Mstation Book Reviews
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Thu, 30 Mar 2006


Akutagawa Ryunosuke, Roshomon and Seventeen Other Stories,
Penguin Classics

Akutagawa lived in Japan in the Taisho period which was a small flowering of art and liberty before militarism swept the country at the time of the Depression. He was a modern Japanese man, more likely to wear a suit and drink coffee than be seen in traditional wear. He was also a scholar of other cultures -- English, French, Chinese, and his carefully crafted writing is still on literature courses in Japan.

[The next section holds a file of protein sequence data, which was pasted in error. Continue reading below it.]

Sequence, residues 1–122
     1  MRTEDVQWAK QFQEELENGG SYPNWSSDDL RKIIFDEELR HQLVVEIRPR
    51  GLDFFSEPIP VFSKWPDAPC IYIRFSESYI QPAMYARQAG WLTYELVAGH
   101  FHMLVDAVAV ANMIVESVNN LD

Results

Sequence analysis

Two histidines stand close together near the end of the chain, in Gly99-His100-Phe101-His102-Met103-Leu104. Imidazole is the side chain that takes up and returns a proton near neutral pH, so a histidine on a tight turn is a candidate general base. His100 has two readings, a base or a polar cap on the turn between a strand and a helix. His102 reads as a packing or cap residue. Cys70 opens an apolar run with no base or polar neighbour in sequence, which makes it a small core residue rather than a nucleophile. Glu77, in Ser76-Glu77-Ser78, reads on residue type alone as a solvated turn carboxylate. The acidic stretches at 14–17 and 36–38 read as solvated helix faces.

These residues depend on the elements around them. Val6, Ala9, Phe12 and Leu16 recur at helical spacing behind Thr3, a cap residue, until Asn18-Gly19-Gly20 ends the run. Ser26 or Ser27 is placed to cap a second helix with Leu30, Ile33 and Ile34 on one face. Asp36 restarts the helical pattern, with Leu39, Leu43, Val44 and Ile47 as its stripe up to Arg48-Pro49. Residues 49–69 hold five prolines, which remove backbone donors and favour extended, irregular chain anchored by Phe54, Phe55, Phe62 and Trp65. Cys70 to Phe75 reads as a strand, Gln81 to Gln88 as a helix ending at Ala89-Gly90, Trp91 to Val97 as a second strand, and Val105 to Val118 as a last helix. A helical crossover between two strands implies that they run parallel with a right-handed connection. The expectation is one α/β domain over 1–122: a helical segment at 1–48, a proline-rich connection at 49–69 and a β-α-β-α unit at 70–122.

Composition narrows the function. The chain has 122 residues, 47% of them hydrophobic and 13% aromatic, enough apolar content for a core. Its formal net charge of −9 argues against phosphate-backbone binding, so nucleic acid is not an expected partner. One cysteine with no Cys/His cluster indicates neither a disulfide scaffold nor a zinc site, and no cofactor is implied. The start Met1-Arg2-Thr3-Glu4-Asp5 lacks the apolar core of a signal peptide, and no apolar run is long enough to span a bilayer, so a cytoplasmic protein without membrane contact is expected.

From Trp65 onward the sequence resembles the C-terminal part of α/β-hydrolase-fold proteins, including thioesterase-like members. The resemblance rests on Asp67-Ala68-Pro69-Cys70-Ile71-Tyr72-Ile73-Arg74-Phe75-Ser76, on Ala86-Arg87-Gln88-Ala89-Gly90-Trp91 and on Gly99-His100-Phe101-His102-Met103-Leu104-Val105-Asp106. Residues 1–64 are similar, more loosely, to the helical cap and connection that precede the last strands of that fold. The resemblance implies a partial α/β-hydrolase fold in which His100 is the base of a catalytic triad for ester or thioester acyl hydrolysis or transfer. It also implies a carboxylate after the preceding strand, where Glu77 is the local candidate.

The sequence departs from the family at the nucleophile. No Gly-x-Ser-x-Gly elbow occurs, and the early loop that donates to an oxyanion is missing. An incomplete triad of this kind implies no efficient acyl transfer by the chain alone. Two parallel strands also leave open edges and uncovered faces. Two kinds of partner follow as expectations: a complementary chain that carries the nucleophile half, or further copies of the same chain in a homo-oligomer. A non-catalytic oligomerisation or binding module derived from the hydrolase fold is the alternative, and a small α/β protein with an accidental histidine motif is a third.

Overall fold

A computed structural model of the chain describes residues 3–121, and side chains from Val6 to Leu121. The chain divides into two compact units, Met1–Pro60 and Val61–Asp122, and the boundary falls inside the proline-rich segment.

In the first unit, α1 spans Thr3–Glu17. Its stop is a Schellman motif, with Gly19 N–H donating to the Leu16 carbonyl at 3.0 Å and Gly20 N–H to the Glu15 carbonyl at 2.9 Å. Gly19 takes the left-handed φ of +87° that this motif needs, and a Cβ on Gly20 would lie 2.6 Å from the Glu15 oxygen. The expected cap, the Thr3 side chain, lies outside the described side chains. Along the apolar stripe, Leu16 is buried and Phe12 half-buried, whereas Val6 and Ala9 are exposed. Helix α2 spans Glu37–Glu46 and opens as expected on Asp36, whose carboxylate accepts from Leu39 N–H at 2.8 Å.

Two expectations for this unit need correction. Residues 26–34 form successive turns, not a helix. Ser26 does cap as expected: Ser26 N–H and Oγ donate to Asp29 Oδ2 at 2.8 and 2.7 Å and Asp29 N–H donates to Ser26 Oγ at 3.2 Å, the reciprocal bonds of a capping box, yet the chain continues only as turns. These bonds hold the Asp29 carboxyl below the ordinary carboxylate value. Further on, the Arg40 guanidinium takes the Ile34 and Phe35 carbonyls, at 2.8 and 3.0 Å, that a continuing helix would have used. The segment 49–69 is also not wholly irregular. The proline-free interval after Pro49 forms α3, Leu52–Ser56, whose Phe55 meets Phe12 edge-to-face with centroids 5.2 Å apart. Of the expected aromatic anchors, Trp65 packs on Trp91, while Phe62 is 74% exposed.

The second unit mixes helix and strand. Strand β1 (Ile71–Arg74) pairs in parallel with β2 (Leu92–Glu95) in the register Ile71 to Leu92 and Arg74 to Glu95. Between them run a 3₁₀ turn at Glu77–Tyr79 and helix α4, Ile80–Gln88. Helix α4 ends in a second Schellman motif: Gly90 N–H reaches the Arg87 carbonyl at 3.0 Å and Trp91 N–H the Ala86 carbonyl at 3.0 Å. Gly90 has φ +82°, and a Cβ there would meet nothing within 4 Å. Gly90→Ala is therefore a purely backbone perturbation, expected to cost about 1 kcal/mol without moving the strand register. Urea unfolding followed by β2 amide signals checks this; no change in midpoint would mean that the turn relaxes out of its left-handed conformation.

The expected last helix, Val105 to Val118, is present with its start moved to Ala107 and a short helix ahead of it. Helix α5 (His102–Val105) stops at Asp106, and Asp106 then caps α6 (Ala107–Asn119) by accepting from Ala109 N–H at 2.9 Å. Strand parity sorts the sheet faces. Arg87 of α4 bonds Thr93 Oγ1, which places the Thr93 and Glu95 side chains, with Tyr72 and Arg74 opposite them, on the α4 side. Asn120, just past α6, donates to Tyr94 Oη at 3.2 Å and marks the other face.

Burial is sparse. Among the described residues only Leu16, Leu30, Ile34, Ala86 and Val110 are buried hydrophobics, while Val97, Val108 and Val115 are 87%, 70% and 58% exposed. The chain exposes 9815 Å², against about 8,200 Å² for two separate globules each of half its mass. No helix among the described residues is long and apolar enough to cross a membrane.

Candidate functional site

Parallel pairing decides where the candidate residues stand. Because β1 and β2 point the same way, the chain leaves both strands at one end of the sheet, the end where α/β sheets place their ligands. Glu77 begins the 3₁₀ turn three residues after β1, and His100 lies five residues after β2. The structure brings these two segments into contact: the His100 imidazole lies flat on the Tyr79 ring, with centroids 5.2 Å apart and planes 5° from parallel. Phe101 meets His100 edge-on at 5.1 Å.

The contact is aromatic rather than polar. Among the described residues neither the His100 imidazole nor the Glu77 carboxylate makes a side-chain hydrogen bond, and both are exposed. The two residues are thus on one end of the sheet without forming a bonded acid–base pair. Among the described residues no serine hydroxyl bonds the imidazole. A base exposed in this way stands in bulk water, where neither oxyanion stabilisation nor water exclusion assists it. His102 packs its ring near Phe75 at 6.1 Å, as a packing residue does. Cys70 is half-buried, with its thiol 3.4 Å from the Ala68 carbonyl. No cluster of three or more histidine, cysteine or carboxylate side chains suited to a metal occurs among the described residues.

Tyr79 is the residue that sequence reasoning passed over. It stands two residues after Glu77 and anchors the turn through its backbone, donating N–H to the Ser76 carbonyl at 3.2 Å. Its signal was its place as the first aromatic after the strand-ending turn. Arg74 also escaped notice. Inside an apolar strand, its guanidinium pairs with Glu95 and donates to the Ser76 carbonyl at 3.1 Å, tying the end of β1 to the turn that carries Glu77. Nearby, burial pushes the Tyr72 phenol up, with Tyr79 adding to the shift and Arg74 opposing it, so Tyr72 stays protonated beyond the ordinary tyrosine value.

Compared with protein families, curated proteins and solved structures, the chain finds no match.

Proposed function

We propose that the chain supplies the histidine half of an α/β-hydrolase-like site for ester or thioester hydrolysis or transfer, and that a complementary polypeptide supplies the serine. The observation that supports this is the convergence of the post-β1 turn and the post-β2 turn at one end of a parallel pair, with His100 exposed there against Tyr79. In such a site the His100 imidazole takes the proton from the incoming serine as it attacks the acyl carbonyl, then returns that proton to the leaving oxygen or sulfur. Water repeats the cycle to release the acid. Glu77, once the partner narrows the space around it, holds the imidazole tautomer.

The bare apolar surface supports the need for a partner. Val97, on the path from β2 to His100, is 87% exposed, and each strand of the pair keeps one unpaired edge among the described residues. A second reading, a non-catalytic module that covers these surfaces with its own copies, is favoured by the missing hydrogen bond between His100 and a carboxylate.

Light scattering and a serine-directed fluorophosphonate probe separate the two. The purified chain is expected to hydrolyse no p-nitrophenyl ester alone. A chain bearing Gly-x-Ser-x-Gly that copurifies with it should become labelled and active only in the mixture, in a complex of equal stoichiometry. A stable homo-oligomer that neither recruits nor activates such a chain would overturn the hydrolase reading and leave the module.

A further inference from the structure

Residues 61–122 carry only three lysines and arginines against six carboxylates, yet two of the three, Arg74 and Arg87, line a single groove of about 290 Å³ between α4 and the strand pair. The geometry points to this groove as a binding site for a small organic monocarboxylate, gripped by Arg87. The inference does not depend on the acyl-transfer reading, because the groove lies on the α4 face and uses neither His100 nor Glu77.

This collection of stories is meant to highlight his work and a forward by Haruki Murakami explains his place in Japanese literature, and a little about him as a person and, for non-Japanese, it also explains a period of Japanese history.

The stories tend to be dark but the writing itself immediately jumps out and it becomes clear how he has stood the test of time. People seeking out Japanese literature might start with Sei Shonagun's Pillow Book, go on to Lady Murasaki's Tale of Genji, then a little Aktagawa, and finish with some Haruki Murakami. International understanding is always a good thing.

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